Sazon (221 Shelby St., sazonsantafe.com) is a newer, high-end Mexican restaurant that fuses contemporary and traditional Mexican cooking. They start your evening with a flight of moles to sample. It’s a dining experience perfect for a special night out.
Other high-end but truly worthwhile options include Coyote Cafe (132 W. Water St., coyotecafe.com), Geronimo (724 Canyon Rd., geronimorestaurant.com) and Pasqual’s (121 Don Gaspar St., pasquals.com). After you fall in love with the food at Pasqual’s, you can buy their cookbook to recreate the magic at home.
If you love margaritas, don’t miss Maria’s (555 West Cordova Rd., marias-santafe com). They have an entire tequila menu. Speaking of margaritas, the San Francisco Bar and Grill (50 East San Francisco St., sanfranbargrill.com) is located just off the plaza, and serves a blended avocado margarita. It may sound weird, but it’s creamy and delicious and a perfect treat for the middle of shopping day downtown.
A short drive out of the middle of town on Highway 84 will reward you with Gabriel’s (4 Banana Ln., gabrielsofsantafe.com) where they’ll make fresh guacamole to your liking, in a stone bowl directly at your table.
For the best Southwestern ambiance, BBQ and beer, go to Cowgirl Cafe (319 S. Guadalupe St., cowgirlsantafe.com).
It feels borderline sacrilegious to attempt to name one favorite Mexican or New Mexican restaurant in town, but three clear leaders are Horseman’s (4354 Cerrillos Rd.), Adelita’s (3136 Cerrillos Rd., adelitasrestaurantsantafe.com) and Los Potrillos (1947 Cerrillos Rd.).
Clafoutis (402 N Guadalupe St.) is off-the-chain delicious French food, perfect for breakfast or lunch. Upon entering, you’ll most likely be greeted with a “bonjour” by the charming, gregarious French owner.
Backroad Pizza (1807 2nd St. #1, backroadpizza.com), from out owner Piper Kapin, serves delicious pies and has an upstairs filled with pool tables.
If you don’t feel like blowing your travel budget on a dining experience, there are plenty of moderately priced dining options that still deliver stellar food. Some of my favorites include Tune-Up Cafe (1115 Hickox St., tuneupsantafe.com), Jambo (2010 Cerrillos Rd., jambocafe.net) for homestyle African fare and Radish & Rye (548 Agua Fria St., radishandrye.com). Some great news for gender non-conforming folks hoping to visit town is that many businesses in Santa Fe are starting to have single-stall bathrooms that are labeled “gender-neutral.”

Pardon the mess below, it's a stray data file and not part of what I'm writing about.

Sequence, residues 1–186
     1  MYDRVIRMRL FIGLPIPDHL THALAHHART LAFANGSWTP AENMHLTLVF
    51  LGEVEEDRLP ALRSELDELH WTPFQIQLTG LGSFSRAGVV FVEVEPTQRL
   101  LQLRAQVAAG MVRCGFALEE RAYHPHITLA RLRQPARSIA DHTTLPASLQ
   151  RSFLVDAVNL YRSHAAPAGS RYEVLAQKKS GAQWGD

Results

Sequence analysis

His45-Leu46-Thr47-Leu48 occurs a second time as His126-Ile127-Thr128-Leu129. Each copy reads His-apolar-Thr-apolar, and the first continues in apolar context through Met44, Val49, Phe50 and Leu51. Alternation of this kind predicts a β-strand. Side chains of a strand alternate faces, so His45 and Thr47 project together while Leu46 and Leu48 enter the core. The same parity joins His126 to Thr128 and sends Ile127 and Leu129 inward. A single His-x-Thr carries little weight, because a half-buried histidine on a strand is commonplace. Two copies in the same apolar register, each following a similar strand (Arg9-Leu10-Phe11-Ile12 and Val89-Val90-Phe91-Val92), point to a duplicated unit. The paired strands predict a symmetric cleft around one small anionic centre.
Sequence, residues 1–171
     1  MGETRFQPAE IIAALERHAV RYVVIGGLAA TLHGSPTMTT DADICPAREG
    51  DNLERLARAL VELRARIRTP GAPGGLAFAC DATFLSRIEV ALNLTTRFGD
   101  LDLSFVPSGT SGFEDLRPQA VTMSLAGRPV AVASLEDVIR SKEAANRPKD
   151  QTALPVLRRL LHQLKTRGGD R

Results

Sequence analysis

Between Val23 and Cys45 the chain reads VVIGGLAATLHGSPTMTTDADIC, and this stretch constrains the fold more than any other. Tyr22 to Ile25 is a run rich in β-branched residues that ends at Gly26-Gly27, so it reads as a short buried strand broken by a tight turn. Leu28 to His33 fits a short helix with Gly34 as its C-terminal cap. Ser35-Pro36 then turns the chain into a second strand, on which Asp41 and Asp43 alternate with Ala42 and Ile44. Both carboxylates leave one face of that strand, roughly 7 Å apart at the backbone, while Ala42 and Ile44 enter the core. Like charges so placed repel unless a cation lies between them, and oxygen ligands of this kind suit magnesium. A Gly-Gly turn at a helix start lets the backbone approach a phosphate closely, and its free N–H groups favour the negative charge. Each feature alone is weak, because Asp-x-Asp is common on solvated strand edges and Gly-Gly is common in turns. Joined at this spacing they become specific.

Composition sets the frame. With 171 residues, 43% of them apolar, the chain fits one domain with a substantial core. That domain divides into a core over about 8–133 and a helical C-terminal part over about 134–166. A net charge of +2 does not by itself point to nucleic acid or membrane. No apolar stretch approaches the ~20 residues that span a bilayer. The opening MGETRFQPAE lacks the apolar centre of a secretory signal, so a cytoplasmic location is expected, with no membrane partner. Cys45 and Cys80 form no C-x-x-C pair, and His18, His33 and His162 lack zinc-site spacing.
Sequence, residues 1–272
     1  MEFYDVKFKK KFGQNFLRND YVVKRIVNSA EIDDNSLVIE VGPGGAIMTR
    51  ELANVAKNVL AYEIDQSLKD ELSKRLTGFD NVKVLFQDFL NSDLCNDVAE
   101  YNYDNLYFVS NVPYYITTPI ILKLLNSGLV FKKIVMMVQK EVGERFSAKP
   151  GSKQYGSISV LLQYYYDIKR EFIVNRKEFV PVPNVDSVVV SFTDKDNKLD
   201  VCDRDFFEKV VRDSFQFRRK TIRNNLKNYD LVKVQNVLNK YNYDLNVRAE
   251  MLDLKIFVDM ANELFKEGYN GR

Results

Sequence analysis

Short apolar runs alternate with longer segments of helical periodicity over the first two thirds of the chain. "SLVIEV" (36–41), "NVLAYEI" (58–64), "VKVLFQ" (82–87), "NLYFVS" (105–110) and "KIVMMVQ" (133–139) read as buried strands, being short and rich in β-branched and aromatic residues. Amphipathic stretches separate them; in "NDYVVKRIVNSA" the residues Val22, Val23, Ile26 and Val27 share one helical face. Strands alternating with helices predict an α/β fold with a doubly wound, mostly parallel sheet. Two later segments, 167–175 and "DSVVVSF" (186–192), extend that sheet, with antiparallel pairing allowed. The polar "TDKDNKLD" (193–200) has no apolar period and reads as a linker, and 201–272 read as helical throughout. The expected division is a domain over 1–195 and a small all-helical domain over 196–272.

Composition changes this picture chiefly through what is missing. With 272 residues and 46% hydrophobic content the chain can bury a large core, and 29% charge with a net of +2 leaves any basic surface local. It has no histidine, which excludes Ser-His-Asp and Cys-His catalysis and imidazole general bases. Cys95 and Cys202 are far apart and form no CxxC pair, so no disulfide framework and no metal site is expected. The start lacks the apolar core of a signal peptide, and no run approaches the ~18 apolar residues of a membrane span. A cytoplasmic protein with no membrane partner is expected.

Santa Fe sits at a higher altitude than Denver, and enjoys 300 sunny days a year. Bring your sunscreen and moisturizer, drink plenty of water and remain aware that the threat of altitude sickness is real, so save your hiking for at least a full day into your trip to allow your body to acclimate. That being said, do not miss your chance to abandon the tourist traps in favor of breathtaking natural beauty.
If you want a good hike to counteract all the amazing food you’ll be eating on your trip, Atalaya Mountain is a six-mile trail behind the campus of St. John’s College (my alma mater; say hi!). This fairly-difficult vertical climb has a terrific pay-off view at the top. If you prefer to drive to a view, follow the road to the Santa Fe Ski Basin (Santa Fe National Forest, NM-475).
Yes, it snows in Santa Fe; the city enjoys all four, distinct seasons. This stretch of mountain road is particularly photogenic in the autumn when the leaves of the aspen trees transform into stunning shades. Skiing and snowboarding is available in winter, and there are romantic lookout points perfect for making out at any time of year.
The Randall Davey Audubon Center (1800 Upper Canyon Rd., randalldavey.audubon.org) is a bird and wildlife sanctuary perfect for the bird watcher or conservationist-minded woman. If you happen to be visiting in early December, there’s a fair chance you can catch one of Mother Nature’s greatest performances: a murmuration of starlings. The birds take flight around sunset and I’ve seen them engaged in their surreal dance above the west section of Airport Road, past the Municipal Airport entrance (100 South Polo Dr.).
During my college years, whenever I needed free animal therapy, I’d drive to the beautiful Santa Fe Animal Shelter (100 Caja del Rio Rd., sfhumanesociety.org) and visit with the dogs and cats available for adoption. Delightfully, the shelter is responsible for a “Bachelor” spoof adoption promotional video which includes a pit mix, ladies and Santa Fe scenery.